THE BIG READ: It's time for us to make education our business
There is a lot more the private sector can do to support South African education. And, why not?
Surely it is the private sector which stands to benefit the most from a robust schooling system; snagging top pupils to further propel its enterprises to economic success in the future?
So why is the private sector contributing so little towards the education of its future workforce?
According to Unesco's Education for All Global Monitoring Report 2012, the private sector's contributions to education globally are less than 0.1% of the profits of two of the world's biggest oil companies.
This is far less than its contributions to other developments, such as health, which receives 53% of US foundations' grants.
And locally? Well, reports in the 2011-2012 Global Competitiveness Report, published by the World Economic Forum, show the South African private sector is well managed and functioning reasonably successfully by global standards.
In contrast, the same report ranks South Africa 127 out of the 144 major and emerging countries it studied in terms of quality of primary education. So, our currently well-functioning private sector should take care that it does not soon find itself facing a dwindling talent pool.
Some may argue that the matric pass rate has shot up 10% over the last two years. Perhaps, but consider this: In 2006, of the 1027996 2005 Grade 1 learners, 151755 did not go to Grade 2. And, of the 878680 pupils in Grade 6 in 2005, only 496593 attended Grade 12 in 2011. What happened to these children and why did they drop out?
Numerous studies show that good, quality early education improves the chances of children staying in school and passing with good marks. But what role can the private sector play in this?
By aligning their support and Corporate Social Investment initiatives with the government priorities and the country's needs, it can make a positive difference for the matrics of our future.
A good example is Times Media, which is well placed to do this, having a number of newspapers through which to deliver material at a minimal cost to the consumer and resources to develop educational materials. But those in other industries should not be put off; there are all kinds of possibilities, particularly in partnerships.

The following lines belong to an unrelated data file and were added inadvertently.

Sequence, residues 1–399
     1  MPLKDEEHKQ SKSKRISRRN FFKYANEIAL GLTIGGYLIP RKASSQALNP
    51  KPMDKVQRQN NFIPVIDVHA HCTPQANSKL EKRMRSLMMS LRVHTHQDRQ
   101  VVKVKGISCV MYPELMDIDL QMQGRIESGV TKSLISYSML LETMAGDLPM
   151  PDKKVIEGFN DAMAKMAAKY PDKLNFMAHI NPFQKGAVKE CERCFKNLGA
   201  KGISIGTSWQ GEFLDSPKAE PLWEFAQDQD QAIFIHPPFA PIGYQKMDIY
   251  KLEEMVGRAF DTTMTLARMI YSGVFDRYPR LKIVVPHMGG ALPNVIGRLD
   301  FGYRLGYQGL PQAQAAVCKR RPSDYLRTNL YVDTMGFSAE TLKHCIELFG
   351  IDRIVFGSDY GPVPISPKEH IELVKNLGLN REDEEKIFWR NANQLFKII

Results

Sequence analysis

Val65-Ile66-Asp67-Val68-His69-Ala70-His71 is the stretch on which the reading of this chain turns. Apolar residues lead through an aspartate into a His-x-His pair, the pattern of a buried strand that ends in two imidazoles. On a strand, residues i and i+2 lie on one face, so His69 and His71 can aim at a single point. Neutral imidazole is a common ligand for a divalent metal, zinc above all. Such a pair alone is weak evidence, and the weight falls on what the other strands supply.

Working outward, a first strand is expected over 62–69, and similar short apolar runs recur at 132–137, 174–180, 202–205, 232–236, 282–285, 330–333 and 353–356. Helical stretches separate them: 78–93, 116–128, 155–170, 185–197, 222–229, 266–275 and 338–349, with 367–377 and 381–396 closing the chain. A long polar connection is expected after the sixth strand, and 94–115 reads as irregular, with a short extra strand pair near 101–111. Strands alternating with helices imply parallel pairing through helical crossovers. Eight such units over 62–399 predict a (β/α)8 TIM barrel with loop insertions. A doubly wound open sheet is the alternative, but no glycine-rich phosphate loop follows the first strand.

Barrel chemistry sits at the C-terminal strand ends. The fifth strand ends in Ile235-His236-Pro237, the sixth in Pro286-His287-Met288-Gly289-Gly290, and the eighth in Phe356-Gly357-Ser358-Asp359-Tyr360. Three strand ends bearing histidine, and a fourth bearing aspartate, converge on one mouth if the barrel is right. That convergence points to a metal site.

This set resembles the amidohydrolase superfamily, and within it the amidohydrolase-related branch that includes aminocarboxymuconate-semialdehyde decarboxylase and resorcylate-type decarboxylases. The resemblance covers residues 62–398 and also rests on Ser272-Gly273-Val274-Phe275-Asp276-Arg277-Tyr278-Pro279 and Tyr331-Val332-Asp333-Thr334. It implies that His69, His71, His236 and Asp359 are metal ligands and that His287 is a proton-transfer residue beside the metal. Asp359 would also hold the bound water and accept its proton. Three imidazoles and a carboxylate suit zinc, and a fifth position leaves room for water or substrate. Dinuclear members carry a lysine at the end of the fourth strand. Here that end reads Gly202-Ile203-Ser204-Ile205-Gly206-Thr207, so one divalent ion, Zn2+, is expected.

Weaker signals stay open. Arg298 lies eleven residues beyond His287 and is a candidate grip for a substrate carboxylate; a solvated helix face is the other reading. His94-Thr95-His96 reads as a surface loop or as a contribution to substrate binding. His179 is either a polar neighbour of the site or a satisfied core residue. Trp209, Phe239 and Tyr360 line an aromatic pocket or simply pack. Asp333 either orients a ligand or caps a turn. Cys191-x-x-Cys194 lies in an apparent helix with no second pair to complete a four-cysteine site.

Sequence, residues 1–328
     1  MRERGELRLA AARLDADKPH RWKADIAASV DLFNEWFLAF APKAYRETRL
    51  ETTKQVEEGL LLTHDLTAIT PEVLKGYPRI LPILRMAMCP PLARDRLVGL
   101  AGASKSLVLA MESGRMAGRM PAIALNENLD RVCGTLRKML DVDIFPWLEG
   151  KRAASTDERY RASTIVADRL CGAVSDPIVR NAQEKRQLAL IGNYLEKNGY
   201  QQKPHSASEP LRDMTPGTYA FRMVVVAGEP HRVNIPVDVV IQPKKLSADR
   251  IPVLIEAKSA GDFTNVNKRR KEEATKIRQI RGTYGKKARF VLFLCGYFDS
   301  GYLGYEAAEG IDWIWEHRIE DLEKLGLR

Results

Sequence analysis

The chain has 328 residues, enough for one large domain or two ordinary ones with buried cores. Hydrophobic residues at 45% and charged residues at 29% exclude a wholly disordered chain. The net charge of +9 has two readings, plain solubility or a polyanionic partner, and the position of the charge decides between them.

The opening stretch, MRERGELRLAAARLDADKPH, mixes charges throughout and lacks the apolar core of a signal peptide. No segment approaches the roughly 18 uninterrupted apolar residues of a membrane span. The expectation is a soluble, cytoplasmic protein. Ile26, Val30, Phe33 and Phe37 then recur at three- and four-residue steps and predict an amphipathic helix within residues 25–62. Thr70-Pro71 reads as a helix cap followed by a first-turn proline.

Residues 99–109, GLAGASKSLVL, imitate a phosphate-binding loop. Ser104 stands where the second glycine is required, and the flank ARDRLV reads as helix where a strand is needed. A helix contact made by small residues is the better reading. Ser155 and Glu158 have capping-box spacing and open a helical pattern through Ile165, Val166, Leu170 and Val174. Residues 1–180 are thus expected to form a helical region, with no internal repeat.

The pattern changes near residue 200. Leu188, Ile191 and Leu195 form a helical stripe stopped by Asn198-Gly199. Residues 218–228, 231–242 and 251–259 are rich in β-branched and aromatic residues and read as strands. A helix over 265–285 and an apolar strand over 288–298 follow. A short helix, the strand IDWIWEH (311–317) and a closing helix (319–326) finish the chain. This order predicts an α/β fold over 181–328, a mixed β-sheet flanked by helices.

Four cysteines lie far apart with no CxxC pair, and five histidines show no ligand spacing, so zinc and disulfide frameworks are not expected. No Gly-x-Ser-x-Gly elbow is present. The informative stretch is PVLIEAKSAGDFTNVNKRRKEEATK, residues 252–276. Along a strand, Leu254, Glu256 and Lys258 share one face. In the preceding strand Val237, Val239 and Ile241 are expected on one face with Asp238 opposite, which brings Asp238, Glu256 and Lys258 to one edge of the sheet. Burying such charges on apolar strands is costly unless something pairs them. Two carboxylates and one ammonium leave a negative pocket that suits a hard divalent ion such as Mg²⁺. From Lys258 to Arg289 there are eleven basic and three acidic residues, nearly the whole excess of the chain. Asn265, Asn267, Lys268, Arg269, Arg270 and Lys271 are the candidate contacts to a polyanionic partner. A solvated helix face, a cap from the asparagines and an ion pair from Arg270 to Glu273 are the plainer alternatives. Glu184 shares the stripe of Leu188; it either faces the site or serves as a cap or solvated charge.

Patrice Motsepe, for example, beyond his recent pledge to give half of his funds to the improvement of the marginalised South Africans, has been committed to supporting education through various partnerships.
The Octea Diamond Company recently partnered with the Sunday Times ReadRight supplement, commissioning it to develop and export additional educational materials for the community surrounding one of its mines in Sierra Leone.
The Octea Group contracted Sunday Times ReadRight to develop six community-specific supplements aimed at children aged 6 to 12 plus supporting materials such as posters, and provide training for teachers and parents on how to get the most out of the supplements.
Education has been working to improve the state of education for more than 10 years by providing access to relevant, free, curriculum-based content in the form of supplements such as Sunday Times ReadRight, Grade 10 Essentials, Matric Q&A, Nal'ibali and StoryBooks, particularly in poorer areas.
By leveraging its powerful newspaper brands, distribution networks and partnerships, Times Media Education's publications have become a valuable resource in classrooms across all education phases.
Sunday Times ReadRight being contracted for international work is certainly a validation of this.
Evidently, the private sector holds a mine of skills and talent to be utilised and even provide value beyond South African borders. The key, however, lies in identifying areas of expertise and opportunity.
- Eykelhof is Sunday Times ReadRight Editor